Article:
Research on Mindfulness and Learning

This page summarizes research on the benefits of mindfulness, including neuroscience, the latest scientific studies, and specific benefits for students and educators.

Mindfulness Training leads to structural changes in the brain that develop and enhance the qualities including kindness, patience and compassion; in addition to increasing executive function and improving impulse control.


Research has found that mindfulness practices can be an effective method of treating anxiety, stress, and depression.

How Meditation Changes The Brain

Research

Amygdala

Aroused when detecting and reacting to emotions, especially difficult or strong emotions such as fear. This part of the brain is less activated1 and has less gray matter density2 following mindfulness training.

Hippocampus

Critical to learning and memory, and helps regulate the Amygdala. This part of the brain is more active4 and has more gray matter density3 following mindfulness training.

Prefrontal Cortex

The part of the brain most associated with maturity, including regulating emotions and behaviors and making wise decisions. This part of the brain is more activated following mindfulness training.5

Social:

EMOTIONAL REGULATION

Mindfulness is associated with emotion regulation across a number of studies6. Mindfulness creates changes in the brain that correspond to less reactivity7, and better ability to engage in tasks even when emotions are activated.8

COMPASSION

People randomly assigned to mindfulness training are more likely to help someone in need9 and have greater self-compassion.10

INCREASED SELF-CONFIDENCE16

Health:

CALMING

Studies find that mindfulness reduces feelings of stress11 and improves anxiety and distress when placed in a stressful social situation.12

Boosts Your Immunity

Reduces the Risk of Cardiovascular Disease

Reduces Physical Pain

Educational:

IMPROVES TEST SCORES

Improves children’s math scores

REDUCES SYMPTOMS

Reduces ADHD symptoms and symptoms of other learning disorders13

40% reduction in psychological distress, including stress, anxiety and depression15

References

1.) Lutz, A., Slagter, H. A., Dunne, J. D., & Davidson, R. J. (2008). Attention regulation and monitoring in meditation. Trends in Cognitive Sciences, 12(4), 163–169.

Desbordes, G., Negi, L. T., Pace, T. W., Wallace, B. A., Raison, C. L., & Schwartz, E. L. (2012). Effects of mindful-­attention and compassion meditation training on Amygdala response to emotional stimuli in an ordinary, non-­meditative state. Frontiers in Human Neuroscience, 6.

2.) Hölzel, B. K., Carmody, J., Evans, K. C., Hoge, E. A., Dusek, J. A., Morgan, L., … Lazar, S. W. (2010). Stress reduction correlates with structural changes in the amygdala. Social Cognitive and Affective Neuroscience, 5(1), 11–17.

3.) Goldin, P. R., & Gross, J. J. (2010). Effects of mindfulness-­based stress reduction (MBSR) on emotion regulation in social anxiety disorder. Emotion, 10(1), 83.

4.) Hölzel, B. K., Carmody, J., Vangel, M., Congleton, C., Yerramsetti, S. M., Gard, T., & Lazar, S. W. (2011). Mindfulness practice leads to increases in regional brain gray matter density. Psychiatry Research: Neuroimaging, 191(1), 36–43.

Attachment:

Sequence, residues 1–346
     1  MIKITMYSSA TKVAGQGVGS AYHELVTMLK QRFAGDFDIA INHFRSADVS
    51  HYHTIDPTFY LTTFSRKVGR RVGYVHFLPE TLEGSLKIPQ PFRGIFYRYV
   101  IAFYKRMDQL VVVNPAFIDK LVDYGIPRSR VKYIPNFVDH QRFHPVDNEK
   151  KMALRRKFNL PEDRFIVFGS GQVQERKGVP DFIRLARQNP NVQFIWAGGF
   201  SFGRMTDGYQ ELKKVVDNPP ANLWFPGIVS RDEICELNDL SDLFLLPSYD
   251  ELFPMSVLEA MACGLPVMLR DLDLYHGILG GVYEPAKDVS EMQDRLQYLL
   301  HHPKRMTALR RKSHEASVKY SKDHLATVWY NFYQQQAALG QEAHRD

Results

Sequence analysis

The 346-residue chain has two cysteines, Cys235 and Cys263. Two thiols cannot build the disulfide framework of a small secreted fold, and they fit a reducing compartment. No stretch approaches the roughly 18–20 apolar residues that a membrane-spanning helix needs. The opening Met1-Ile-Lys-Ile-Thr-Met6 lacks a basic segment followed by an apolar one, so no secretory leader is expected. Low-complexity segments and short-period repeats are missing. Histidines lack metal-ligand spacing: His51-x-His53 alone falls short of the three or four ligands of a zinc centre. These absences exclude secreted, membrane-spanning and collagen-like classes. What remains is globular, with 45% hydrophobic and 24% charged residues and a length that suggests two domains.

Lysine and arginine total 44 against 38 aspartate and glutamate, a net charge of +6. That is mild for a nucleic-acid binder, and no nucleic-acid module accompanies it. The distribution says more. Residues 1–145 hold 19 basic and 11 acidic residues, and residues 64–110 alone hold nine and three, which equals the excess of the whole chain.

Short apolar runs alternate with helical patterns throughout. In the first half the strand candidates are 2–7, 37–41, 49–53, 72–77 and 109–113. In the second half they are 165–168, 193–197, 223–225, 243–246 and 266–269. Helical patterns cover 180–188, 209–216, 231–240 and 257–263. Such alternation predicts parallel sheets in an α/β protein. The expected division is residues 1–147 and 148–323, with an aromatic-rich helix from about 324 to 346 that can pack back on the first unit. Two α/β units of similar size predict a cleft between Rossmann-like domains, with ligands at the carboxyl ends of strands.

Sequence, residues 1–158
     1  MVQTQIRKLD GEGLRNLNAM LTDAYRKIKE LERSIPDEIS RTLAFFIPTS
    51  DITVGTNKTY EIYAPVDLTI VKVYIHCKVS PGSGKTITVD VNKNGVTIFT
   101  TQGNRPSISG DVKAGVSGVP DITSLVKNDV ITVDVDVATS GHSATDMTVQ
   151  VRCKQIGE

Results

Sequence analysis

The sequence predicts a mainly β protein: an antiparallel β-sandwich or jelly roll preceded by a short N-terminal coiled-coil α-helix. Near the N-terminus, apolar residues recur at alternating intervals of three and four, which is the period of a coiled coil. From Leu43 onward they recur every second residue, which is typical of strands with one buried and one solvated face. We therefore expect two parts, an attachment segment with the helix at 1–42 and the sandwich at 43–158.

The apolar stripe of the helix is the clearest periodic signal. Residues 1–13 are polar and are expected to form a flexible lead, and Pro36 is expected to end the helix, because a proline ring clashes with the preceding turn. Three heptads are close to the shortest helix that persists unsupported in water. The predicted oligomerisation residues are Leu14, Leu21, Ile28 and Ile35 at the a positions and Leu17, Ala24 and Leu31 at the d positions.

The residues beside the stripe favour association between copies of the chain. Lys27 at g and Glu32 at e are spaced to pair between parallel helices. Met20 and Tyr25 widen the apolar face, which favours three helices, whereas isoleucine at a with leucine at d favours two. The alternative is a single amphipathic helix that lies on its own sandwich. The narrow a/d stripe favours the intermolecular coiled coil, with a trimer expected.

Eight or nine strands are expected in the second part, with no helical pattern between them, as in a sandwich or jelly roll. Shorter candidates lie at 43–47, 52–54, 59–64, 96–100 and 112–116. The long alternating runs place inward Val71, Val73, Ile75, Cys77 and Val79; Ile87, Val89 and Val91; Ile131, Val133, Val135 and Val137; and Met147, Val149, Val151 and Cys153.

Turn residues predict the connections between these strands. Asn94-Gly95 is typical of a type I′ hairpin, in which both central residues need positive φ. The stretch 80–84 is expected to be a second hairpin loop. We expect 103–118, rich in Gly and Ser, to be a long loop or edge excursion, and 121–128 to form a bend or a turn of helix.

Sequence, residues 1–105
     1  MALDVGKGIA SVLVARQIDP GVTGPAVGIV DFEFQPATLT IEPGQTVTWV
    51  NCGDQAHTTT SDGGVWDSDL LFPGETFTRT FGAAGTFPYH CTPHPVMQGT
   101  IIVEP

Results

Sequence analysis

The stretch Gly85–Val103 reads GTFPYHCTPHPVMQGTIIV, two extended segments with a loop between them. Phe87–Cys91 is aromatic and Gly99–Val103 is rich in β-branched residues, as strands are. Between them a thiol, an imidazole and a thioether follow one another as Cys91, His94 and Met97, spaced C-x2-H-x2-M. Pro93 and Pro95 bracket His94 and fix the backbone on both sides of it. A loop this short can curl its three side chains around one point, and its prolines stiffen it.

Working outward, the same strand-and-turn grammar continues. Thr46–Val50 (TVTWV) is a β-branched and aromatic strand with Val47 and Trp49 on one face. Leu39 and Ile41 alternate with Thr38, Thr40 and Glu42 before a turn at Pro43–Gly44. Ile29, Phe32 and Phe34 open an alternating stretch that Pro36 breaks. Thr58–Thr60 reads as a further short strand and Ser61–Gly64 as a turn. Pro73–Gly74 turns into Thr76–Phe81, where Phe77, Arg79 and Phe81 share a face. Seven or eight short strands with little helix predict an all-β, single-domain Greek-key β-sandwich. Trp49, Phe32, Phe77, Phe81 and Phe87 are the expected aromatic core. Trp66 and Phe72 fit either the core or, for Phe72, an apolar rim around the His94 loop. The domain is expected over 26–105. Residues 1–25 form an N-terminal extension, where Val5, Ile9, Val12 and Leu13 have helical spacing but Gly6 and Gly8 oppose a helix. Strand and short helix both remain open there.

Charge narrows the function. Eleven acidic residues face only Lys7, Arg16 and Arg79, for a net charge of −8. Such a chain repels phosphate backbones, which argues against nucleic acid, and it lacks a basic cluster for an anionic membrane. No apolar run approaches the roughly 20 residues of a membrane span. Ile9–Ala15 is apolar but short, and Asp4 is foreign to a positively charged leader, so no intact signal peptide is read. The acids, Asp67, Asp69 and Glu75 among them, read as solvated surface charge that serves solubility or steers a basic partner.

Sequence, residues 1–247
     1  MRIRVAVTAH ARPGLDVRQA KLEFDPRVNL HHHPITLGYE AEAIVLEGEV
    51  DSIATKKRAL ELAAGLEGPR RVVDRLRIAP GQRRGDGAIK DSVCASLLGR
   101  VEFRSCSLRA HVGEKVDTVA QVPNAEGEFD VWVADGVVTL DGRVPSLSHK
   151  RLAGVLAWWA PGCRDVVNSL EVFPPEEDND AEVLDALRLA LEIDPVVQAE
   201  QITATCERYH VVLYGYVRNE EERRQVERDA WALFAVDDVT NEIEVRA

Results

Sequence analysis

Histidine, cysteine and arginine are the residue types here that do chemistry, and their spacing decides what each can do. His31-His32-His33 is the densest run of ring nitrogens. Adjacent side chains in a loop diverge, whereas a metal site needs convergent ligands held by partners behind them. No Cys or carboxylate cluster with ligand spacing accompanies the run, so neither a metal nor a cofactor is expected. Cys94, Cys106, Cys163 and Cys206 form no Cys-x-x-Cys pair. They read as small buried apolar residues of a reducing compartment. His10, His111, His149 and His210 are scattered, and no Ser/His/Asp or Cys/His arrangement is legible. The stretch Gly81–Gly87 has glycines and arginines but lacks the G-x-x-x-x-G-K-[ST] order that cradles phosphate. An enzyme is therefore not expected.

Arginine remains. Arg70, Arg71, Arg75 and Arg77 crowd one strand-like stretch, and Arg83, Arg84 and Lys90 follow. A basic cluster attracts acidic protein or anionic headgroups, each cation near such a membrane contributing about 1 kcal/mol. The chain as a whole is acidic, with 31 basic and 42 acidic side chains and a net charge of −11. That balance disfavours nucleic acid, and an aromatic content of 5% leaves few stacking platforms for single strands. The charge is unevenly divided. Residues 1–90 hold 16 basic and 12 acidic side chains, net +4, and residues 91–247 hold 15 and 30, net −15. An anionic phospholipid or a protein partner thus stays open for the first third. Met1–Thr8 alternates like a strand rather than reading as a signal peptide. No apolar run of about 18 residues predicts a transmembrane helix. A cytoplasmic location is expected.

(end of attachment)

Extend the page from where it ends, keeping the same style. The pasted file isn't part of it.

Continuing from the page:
5.) 14 Chiesa, A., & Serretti, A. (2010). A systematic review of neurobiological and clinical features of mindfulness meditations. Psychological Medicine, 40(08), 1239–1252.

6.) 3 Roemer, L., Williston, S. K., & Rollins, L. G. (2015). Mindfulness and emotion regulation. Current Opinion in Psychology, 3, 52–57.

7.) Goldin, P. R., & Gross, J. J. (2010). Effects of mindfulness-­based stress reduction (MBSR) on emotion regulation in social anxiety disorder. Emotion, 10(1), 83.

8.) Ortner, C. N., Kilner, S. J., & Zelazo, P. D. (2007). Mindfulness meditation and reduced emotional interference on a cognitive task. Motivation and Emotion, 31(4), 271–283.

9.) 6 Condon, P., Desbordes, G., Miller, W. B., & DeSteno, D. (2013). Meditation increases compassionate responses to suffering. Psychological Science, 24(10), 2125–2127.

10.) Birnie, K., Speca, M., & Carlson, L. E. (2010). Exploring self-­compassion and empathy in the context of mindfulness-­based stress reduction (MBSR). Stress and Health, 26(5), 359–371.

Neff, K. D., & Germer, C. K. (2013). A Pilot Study and Randomized Controlled Trial of the Mindful Self-­Compassion Program. Journal of Clinical Psychology, 69(1), 28–44.

Shapiro, S. L., Brown, K. W., & Biegel, G. M. (2007). Teaching self-­care to caregivers: effects of mindfulness-­based stress reduction on the mental health of therapists in training. Training and Education in Professional Psychology, 1(2), 105.

11.) Chiesa, A., & Serretti, A. (2009). Mindfulness-­based stress reduction for stress management in healthy people: a review and meta-­analysis. The Journal of Alternative and Complementary Medicine, 15(5), 593–600.
Pbert, L., Madison, J. M., Druker, S., Olendzki, N., Magner, R., Reed, G., … Carmody, J. (2012). Effect of mindfulness training on asthma quality of life and lung function: a randomised controlled trial. Thorax, 67(9), 769–776.

12.) Hoge, E. A., Bui, E., Marques, L., Metcalf, C. A., Morris, L. K., Robinaugh, D. J., … Simon, N. M. (2013). Randomized Controlled Trial of Mindfulness Meditation for Generalized Anxiety Disorder: Effects on Anxiety and Stress Reactivity. The Journal of Clinical Psychiatry, 74(8), 786–792.

13.) Mind & Brain: The Journal of Psychiatry 2 (1): 73-81, 2011

15.) American Journal of Hypertension 22(12): 1326-1331, 2009

16.) Journal of Social Behavior and Personality 6 (1991): 189–247.
Higher Stages of Human Development: Perspectives on Adult Growth (New York: Oxford University Press, 1990), 286–341

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